Climbing Over the Wall
Hi! I’m Amy and I’m a coach.
I haven’t always been a coach, well, at least officially. The thing about coaching is a lot of us are coaching all the time – at work, with kids, with aging parents, in teams -- all over the place!
People often ask me what coaching is like – to be coached, to have a coach. It’s amazing! It opens doors to new possibilities for how to live on this earth and how to get more of we want. And it’s hard work. Sometimes you see things about yourself that don’t feel that great to look at. I want to share a story of how coaching has been BOTH those things for me.
I’ve had a lot of bosses. I’m 45 and I’ve been working since I was 17 – I don’t even want to count how many bosses that is! As I progressed in my career, my jobs and responsibilities changed, the company I worked for changed, but one thing remained pretty constant: I kept getting stuck with rotten bosses – in fact, the worst bosses anywhere, ever. When a new gig would inevitably reach the point where my boss and I were at a total impasse (always happened), I would become miserable and stop growing and curse my rotten luck. Fun stuff, huh?
And then I got my dream job (well, the dream job of that era – coaching is my dream job now!). The honeymoon period was lengthy – maybe I’d finally broken the curse of terrible bosses! And then, BOOM!, I walked right into that same, old wall.
“Nooooooooo! Not here too!” I wailed as I smacked my head into that wall a few times for good measure. My boss could feel it too and we had some painful discussions (we had to fix this or I had to go – for both our sakes). That’s how I ended up with a coach – my last-ditch effort to save the job I loved.
It wasn’t too many hours into the work that my brilliant coach had me seeing that it wasn’t bad luck at all – there was one very tangible common denominator in every bad boss story I had and it was me.
I spent the next several months digging into that idea – what I found was some icky stuff: I was used to being good at everything and the more I moved up and the more responsibility I had, the more scared I was that I was going to screw something up. Being scared led to being defensive, hiding and blaming circumstances for all it. And conveniently, blaming my boss. I learned to see how my defensiveness, hiding and blaming triggered alarmed responses from not only my boss, but my peers and team as well.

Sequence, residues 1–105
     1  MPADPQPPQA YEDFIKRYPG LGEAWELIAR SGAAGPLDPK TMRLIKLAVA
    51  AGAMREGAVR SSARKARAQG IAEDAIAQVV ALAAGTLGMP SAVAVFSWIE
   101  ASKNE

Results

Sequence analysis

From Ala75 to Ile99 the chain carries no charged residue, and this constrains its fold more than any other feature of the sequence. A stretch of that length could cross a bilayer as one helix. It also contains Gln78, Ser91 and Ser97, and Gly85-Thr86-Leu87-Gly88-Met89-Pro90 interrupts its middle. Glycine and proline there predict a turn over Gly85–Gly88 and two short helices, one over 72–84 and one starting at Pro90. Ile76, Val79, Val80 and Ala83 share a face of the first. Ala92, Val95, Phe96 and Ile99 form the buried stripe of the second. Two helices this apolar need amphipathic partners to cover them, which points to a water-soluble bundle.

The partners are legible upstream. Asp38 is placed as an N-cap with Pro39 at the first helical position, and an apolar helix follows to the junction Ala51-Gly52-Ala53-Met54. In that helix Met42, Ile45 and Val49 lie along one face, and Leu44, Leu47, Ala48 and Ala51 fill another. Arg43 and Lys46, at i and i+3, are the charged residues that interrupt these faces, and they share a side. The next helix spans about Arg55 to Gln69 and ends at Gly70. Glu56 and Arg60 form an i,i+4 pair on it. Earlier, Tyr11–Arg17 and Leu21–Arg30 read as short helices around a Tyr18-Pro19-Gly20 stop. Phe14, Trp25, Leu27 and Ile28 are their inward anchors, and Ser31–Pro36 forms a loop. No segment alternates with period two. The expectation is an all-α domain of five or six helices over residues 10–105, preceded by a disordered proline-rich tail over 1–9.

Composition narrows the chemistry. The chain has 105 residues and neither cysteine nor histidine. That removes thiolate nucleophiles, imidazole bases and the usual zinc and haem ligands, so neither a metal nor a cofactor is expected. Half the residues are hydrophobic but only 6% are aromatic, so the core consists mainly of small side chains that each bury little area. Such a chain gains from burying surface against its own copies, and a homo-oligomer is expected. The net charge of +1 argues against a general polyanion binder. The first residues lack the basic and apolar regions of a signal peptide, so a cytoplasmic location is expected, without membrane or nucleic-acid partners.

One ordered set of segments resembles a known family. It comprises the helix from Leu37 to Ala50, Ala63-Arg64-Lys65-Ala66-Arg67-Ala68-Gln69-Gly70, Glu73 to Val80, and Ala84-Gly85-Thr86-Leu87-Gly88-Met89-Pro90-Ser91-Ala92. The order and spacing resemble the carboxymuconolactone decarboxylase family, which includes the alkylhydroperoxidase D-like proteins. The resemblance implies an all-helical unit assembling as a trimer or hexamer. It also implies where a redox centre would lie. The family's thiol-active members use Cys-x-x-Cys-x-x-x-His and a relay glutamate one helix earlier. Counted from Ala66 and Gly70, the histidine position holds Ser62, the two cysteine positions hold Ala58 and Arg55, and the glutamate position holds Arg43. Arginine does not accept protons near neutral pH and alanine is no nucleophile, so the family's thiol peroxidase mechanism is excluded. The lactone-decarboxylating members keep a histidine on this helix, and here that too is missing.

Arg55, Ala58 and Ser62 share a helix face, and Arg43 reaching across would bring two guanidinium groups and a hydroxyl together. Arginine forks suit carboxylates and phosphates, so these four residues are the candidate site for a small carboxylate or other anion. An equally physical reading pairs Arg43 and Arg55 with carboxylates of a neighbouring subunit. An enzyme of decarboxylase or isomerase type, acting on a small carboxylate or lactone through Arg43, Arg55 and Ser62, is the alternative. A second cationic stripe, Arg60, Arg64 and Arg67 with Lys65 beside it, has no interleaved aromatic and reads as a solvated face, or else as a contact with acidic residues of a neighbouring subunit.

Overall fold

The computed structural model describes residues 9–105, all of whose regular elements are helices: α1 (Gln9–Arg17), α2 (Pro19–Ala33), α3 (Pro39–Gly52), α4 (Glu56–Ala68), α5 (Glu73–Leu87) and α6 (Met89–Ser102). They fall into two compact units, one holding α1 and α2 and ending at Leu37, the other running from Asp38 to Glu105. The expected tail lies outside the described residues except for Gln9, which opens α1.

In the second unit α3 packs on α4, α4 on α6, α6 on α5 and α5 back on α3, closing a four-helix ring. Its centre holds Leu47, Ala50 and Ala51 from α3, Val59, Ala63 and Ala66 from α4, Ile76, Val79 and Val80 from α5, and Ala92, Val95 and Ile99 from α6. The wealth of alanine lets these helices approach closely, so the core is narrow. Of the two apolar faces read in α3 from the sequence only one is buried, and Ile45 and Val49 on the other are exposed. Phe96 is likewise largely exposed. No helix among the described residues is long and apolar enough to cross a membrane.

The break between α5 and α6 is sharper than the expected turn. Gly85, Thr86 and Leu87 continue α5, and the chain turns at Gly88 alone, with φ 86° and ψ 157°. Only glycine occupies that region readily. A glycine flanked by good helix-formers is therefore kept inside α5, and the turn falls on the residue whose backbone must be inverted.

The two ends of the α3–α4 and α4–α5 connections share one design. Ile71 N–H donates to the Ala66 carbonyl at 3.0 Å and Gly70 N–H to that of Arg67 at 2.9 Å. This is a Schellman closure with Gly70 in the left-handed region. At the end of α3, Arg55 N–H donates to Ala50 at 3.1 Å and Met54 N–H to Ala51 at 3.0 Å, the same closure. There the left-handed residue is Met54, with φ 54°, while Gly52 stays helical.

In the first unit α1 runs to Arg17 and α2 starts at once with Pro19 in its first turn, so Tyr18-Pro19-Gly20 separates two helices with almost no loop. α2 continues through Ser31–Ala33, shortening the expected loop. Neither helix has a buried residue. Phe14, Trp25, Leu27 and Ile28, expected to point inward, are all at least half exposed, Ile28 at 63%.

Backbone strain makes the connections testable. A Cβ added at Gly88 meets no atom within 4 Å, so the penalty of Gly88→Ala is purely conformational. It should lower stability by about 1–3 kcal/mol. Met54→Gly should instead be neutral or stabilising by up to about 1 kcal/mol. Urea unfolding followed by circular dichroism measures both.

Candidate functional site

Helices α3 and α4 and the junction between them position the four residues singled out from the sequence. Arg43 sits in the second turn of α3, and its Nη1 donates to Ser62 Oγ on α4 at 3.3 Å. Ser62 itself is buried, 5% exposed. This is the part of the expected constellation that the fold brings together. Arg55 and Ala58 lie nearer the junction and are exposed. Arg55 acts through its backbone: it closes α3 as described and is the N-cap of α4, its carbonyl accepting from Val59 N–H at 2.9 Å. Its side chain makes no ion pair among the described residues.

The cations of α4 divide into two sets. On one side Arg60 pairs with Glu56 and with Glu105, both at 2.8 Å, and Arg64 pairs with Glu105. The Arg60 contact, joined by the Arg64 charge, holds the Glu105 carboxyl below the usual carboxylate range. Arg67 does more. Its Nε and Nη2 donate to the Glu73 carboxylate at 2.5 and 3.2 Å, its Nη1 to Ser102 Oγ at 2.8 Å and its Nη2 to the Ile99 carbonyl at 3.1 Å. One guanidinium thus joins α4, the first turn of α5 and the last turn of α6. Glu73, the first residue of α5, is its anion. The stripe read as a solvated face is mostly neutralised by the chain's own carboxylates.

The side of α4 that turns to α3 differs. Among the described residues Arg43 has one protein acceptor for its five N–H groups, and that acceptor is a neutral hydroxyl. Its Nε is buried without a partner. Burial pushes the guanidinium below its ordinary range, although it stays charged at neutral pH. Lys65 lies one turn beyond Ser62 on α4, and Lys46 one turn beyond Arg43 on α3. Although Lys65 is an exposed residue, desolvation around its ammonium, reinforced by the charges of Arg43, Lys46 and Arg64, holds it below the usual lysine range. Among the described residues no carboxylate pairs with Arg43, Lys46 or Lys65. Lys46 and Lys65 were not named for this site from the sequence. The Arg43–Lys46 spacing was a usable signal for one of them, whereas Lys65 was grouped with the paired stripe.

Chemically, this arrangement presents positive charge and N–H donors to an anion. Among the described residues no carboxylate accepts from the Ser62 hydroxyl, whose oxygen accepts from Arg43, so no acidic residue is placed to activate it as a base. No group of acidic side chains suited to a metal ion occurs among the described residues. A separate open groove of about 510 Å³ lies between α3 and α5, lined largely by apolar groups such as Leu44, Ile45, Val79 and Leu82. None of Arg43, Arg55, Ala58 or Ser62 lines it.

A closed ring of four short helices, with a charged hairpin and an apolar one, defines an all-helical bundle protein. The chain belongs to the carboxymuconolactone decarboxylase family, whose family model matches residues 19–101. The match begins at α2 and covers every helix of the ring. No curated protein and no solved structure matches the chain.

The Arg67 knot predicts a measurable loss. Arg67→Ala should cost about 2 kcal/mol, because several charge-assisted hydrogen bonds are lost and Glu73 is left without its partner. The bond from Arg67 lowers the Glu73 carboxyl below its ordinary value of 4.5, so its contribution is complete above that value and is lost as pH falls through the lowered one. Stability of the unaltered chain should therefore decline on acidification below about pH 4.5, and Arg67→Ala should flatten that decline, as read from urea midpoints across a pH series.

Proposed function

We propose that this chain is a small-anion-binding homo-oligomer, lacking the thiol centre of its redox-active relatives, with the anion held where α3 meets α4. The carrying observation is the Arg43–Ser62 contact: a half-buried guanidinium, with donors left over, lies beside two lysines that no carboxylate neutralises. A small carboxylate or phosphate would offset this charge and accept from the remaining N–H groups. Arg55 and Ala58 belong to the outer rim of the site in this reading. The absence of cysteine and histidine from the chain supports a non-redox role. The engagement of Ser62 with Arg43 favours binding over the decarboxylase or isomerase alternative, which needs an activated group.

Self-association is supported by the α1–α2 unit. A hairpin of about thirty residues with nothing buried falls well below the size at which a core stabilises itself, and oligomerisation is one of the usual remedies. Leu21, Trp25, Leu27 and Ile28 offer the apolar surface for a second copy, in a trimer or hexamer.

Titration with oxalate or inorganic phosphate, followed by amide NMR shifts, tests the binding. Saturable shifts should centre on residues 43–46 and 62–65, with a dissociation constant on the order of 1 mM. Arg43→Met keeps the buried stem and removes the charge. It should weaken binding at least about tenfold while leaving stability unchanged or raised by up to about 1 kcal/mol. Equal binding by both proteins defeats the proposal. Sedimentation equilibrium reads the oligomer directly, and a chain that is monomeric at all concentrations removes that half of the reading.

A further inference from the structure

And I got super clear on some really good stuff too – my core values are love and compassion. I want to show up on this planet with love and compassion, I want to lead with love and compassion and I want to serve my team with love and compassion. When I put these two ideas together, I was able to come up with a plan. My coach and I called it the “fake it til you feel it” plan. Maybe I couldn’t find the switch for turning off the fear or defensiveness, but I did know what I wanted it to look like once I did find the switch, what it would look like to show up from love and compassion. And so I faked it. And gradually, I stopped faking it and starting feeling it. I got less defensive, less scared because I was spending so much time feeling love and compassion – in touch with me at the center of who I am. And the ripple effect! Walking through life being who you want to be, letting go of the crappy fear and defensiveness, has an amazing effect on how people treat you! Suddenly, I loved my boss. And I had huge compassion for the job my boss needed to do in the world and a ton of excitement about how I fit into that work. It didn’t all happen overnight but I did see change right away, and it was amazing!
Coaching is amazing.
It allowed me to break through to a new way of showing up at work, as a leader and as a teammate. I knew who I wanted to be, every day. It was also tough. I had to sit with some hard truths about how I was feeling and behaving. My coach was not always my favorite person – she held a mirror up. She reflected my strengths. She said bold things. Together, the work we did changed my life. It changed the way I was being in the world.
Coaching catapulted me over the wall.
I see the wall coming now, I know what’s possible if I get to the other side and I’m getting better at launching myself right over the top of it. That’s what coaching can be like.